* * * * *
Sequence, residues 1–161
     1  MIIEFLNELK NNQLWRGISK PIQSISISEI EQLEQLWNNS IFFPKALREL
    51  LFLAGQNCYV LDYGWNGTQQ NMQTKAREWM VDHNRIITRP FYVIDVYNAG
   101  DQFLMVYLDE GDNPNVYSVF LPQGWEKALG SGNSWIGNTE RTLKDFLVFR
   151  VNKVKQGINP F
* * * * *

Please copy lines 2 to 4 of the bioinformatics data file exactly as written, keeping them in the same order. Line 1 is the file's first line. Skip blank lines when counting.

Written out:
     1  MIIEFLNELK NNQLWRGISK PIQSISISEI EQLEQLWNNS IFFPKALREL
    51  LFLAGQNCYV LDYGWNGTQQ NMQTKAREWM VDHNRIITRP FYVIDVYNAG
   101  DQFLMVYLDE GDNPNVYSVF LPQGWEKALG SGNSWIGNTE RTLKDFLVFR